If there’s a reason you want to see this data in the Google Analytics interface, let’s say from a development site or from internal traffic, once your rules are created you can always serve it a different Analytics tag or use a dynamic Macro to change the UA number, so that it won’t count against your main property’s reporting limits.

Note: It will still be helpful to have Exclude Filters on your account as a backup. This blog post will help keep traffic from reaching your account, but it won’t stop traffic from any sites that aren’t loading your Google Tag Manager.

So let’s get down to business. Two of the more popular Include/Exclude Filters are based on Hostname or on IP Address.

Using Google Tag Manager to Exclude by Hostname

First up, we can create a Macro/Rule in Tag Manager that we can use to block anything that isn’t our main site. For this example, let’s assume that our site has the following subdomains:

We only want the traffic to our main site to be sent into Google Analytics. We can do this through a simple Macro and a new Rule.

Create the “url hostname” macro

URL Hostname Macro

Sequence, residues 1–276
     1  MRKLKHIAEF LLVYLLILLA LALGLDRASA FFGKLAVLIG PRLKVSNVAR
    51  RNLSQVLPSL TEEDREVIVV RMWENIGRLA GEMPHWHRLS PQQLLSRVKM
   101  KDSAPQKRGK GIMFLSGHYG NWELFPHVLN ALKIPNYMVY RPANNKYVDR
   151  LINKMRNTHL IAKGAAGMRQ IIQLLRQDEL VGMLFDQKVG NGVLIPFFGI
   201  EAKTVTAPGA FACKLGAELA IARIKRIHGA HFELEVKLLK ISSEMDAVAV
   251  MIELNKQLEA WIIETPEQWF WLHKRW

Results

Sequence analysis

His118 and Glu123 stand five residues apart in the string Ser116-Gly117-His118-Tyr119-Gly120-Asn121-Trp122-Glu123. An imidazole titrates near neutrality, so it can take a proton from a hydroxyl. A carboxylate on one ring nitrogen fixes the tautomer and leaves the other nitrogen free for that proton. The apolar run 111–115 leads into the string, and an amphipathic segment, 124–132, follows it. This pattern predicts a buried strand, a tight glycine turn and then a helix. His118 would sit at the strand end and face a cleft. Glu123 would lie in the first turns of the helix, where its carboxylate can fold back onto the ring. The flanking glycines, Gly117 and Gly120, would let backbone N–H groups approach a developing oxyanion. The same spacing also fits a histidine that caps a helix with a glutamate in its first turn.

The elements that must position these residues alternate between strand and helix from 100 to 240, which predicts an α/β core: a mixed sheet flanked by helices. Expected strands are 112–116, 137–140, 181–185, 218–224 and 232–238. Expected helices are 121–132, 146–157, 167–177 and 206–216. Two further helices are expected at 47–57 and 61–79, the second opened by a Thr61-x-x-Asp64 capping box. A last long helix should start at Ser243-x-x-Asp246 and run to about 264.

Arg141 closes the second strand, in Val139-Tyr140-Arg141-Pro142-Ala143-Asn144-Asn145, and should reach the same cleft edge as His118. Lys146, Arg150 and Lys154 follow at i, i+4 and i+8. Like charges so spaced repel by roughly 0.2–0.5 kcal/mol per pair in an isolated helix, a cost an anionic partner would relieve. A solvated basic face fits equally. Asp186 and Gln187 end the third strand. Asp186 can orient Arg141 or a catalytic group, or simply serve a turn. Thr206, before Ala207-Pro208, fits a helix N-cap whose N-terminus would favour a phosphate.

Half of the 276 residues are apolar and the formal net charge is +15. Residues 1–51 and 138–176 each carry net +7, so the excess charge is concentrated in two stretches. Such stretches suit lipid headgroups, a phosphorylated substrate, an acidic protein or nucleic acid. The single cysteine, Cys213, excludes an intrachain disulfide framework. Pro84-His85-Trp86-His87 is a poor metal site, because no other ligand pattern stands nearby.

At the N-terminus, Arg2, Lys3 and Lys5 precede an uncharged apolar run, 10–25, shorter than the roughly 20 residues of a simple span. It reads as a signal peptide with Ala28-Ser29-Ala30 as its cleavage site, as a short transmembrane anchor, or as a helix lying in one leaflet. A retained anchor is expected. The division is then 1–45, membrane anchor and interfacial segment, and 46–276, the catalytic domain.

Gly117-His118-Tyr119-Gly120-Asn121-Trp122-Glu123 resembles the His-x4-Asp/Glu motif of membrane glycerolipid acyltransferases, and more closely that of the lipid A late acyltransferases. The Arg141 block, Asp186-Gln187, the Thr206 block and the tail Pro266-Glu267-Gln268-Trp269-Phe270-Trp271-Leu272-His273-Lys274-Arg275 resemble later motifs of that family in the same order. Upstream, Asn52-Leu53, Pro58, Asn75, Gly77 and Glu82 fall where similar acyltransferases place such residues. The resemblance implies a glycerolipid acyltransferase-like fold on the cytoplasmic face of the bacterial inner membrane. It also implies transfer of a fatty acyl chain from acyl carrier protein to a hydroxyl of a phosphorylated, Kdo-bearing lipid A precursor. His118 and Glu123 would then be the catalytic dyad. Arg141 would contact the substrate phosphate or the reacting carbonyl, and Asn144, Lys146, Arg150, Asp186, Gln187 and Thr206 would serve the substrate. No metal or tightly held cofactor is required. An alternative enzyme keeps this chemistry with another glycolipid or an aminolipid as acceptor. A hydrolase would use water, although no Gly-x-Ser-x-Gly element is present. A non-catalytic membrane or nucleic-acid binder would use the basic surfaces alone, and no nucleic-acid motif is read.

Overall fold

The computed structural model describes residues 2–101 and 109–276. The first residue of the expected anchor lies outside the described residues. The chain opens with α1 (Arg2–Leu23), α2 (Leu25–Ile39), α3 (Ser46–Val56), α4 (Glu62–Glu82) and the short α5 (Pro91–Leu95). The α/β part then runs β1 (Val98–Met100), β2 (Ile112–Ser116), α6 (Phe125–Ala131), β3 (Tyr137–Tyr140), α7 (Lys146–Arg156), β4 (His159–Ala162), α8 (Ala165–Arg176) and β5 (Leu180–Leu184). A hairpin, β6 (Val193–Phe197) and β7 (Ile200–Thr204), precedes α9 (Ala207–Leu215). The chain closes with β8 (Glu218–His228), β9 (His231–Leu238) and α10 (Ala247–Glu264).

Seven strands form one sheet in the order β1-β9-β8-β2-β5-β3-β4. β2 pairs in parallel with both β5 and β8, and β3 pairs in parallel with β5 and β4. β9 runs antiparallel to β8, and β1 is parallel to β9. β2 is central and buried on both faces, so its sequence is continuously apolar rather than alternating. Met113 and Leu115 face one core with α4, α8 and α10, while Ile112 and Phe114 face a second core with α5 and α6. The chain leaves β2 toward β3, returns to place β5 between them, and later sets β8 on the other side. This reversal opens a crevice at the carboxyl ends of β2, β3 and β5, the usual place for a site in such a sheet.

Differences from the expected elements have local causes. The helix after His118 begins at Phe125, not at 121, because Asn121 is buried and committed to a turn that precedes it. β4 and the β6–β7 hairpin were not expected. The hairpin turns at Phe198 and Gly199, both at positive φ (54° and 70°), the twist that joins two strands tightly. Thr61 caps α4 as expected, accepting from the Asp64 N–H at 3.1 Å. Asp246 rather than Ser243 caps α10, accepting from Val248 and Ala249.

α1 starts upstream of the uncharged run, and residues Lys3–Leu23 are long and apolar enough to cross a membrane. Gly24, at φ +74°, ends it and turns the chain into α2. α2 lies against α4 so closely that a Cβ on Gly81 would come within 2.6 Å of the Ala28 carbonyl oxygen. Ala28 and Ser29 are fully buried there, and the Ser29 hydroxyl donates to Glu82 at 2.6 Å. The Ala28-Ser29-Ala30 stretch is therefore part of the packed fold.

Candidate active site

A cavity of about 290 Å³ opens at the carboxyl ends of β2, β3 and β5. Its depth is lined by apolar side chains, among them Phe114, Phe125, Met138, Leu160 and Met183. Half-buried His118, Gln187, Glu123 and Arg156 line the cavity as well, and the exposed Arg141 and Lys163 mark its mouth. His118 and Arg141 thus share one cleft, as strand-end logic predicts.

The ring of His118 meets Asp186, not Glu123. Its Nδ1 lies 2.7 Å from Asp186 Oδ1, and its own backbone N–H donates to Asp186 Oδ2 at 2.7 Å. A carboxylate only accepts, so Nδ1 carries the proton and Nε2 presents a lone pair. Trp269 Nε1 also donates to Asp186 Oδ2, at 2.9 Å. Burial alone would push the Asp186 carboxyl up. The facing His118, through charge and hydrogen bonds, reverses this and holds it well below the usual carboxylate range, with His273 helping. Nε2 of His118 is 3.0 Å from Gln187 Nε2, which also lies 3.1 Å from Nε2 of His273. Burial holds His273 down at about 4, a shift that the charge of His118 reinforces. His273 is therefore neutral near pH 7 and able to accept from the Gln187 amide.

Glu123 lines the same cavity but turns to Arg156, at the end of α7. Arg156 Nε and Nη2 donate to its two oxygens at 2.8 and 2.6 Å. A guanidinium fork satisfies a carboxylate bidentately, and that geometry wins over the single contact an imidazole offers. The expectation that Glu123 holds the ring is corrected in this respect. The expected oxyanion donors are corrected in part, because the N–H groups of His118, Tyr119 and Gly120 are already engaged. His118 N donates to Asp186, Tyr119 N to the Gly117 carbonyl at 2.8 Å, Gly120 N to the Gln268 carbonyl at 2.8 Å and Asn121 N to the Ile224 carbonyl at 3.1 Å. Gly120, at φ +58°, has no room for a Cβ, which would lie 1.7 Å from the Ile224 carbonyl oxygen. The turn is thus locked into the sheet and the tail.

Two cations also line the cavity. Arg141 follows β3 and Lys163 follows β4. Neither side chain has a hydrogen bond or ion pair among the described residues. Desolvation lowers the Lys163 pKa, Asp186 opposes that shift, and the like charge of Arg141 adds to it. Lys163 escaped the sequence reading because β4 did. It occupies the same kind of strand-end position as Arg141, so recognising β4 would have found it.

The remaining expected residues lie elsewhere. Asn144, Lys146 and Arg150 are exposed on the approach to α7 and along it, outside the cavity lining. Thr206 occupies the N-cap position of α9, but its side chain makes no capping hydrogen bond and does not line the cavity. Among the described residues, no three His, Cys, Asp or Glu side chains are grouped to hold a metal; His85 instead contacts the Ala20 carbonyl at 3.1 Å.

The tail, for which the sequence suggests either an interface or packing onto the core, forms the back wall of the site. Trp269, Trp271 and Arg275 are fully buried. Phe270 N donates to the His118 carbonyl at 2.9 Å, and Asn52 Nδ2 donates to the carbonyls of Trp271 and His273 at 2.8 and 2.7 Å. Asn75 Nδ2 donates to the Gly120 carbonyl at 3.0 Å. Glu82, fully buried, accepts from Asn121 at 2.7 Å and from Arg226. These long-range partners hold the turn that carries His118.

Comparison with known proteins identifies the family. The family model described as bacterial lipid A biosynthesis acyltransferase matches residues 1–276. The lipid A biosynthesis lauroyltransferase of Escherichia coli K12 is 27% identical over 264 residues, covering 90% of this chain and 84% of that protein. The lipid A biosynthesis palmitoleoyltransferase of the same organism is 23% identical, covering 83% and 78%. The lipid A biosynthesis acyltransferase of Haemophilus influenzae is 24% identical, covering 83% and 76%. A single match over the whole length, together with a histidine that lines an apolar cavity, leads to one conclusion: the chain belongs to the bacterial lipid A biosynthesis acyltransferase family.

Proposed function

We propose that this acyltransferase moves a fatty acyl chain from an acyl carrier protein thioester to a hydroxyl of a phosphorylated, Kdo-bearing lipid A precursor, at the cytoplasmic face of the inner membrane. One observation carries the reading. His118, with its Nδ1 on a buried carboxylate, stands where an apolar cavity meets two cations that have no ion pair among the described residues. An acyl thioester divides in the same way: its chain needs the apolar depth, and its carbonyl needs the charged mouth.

1. In Tag Manger, click the New button and choose Macro to start a new macro.

2. Name this Macro “hostname”

3. Select URL as the type of Macro.

4. Select Host Name as the Component Type.

5. Save!

Create the Rule – “Traffic – Bad Hostname”

Bad Hostname Rule

In Google Analytics, we have the option of using Include or Exclude. We could do the same thing here, but I’ve found that it’s much easier to create this rule as a standalone rule and use it to Block tags from firing. If you wanted to, you could add it to all the Rules that control firing, but then you’re duplicating the same logic over and over.

I’m calling this macro “Traffic – Bad Hostname” as a catchall for any hostname that isn’t www.mysite.com or mysite.com.

1. Click the New button and choose Rule to start a new rule.